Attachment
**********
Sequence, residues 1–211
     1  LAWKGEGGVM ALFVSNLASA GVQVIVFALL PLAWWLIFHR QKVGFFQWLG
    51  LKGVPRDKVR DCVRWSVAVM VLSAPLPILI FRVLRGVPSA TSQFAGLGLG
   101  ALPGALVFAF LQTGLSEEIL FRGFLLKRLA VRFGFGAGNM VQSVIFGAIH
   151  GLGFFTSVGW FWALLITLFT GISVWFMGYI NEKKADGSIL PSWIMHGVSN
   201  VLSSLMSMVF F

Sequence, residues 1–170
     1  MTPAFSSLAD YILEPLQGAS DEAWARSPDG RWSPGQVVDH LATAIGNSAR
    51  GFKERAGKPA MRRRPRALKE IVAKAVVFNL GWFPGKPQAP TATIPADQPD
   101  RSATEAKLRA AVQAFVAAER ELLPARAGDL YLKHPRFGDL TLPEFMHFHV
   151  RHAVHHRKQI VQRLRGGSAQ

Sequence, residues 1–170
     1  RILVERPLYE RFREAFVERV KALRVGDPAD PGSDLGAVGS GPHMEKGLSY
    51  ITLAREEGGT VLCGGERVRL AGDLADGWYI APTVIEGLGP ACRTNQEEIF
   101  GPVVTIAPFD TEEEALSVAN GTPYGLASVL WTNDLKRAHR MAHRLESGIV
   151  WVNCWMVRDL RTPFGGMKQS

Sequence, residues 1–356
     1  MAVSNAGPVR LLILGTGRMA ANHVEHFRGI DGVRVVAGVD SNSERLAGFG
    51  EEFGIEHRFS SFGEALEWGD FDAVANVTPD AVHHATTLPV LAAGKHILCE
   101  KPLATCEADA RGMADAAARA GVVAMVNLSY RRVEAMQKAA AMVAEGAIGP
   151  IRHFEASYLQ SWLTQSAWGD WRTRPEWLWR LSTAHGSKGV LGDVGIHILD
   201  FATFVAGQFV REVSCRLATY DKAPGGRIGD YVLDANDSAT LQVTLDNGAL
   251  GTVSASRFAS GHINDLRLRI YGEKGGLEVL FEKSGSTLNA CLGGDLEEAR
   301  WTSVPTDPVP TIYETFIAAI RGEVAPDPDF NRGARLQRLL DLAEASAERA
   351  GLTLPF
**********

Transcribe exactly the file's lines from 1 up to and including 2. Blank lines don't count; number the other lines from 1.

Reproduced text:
Sequence, residues 1–211
     1  LAWKGEGGVM ALFVSNLASA GVQVIVFALL PLAWWLIFHR QKVGFFQWLG